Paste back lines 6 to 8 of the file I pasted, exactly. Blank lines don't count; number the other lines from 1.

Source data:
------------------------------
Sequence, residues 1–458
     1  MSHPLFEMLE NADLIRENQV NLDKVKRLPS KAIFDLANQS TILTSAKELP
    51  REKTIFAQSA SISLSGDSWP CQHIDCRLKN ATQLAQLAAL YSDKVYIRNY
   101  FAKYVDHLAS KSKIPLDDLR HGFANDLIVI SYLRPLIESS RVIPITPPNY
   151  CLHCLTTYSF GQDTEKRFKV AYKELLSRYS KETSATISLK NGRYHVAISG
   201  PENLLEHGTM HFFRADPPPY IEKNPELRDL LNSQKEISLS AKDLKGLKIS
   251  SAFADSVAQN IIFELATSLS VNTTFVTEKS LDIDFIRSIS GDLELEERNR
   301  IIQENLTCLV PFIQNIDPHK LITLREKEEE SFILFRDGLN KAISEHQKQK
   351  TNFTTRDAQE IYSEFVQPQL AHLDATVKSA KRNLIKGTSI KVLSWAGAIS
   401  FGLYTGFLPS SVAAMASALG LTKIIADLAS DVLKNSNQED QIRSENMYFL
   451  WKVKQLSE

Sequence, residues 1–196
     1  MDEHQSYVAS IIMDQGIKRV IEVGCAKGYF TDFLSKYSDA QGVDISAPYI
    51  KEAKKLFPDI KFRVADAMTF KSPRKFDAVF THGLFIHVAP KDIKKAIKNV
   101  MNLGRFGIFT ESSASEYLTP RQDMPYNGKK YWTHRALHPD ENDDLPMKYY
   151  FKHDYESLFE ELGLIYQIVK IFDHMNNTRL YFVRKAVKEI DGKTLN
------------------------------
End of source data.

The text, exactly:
   201  PENLLEHGTM HFFRADPPPY IEKNPELRDL LNSQKEISLS AKDLKGLKIS
   251  SAFADSVAQN IIFELATSLS VNTTFVTEKS LDIDFIRSIS GDLELEERNR
   301  IIQENLTCLV PFIQNIDPHK LITLREKEEE SFILFRDGLN KAISEHQKQK